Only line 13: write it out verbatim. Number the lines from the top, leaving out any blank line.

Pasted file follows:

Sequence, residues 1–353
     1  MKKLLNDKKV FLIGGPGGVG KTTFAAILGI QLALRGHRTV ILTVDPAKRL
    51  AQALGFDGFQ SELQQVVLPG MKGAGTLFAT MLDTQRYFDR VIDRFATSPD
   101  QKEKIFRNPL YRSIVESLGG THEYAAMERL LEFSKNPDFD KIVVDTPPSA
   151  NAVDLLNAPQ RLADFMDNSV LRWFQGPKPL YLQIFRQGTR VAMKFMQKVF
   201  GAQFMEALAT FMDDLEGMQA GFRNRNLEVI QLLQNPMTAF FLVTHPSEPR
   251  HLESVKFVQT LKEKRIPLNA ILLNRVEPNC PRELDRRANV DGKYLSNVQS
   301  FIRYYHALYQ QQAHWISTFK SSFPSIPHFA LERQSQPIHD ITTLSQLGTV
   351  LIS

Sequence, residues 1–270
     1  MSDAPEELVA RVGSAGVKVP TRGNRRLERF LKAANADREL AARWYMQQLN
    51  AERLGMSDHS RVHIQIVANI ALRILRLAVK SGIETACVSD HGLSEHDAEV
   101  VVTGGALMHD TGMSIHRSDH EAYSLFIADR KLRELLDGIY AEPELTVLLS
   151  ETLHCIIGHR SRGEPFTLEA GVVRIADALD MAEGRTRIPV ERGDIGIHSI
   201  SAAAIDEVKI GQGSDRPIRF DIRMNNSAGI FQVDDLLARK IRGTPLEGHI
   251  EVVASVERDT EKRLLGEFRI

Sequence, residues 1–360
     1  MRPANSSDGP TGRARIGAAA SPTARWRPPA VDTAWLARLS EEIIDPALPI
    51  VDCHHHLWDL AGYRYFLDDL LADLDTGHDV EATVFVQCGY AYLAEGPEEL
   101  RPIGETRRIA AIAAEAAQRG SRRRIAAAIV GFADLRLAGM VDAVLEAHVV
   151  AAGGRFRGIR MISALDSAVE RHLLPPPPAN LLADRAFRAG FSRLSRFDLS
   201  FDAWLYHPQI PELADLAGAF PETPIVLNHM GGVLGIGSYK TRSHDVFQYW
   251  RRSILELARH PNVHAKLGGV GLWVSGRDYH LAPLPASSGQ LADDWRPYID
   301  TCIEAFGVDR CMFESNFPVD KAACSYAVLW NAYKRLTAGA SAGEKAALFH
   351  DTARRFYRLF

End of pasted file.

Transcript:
   101  VVTGGALMHD TGMSIHRSDH EAYSLFIADR KLRELLDGIY AEPELTVLLS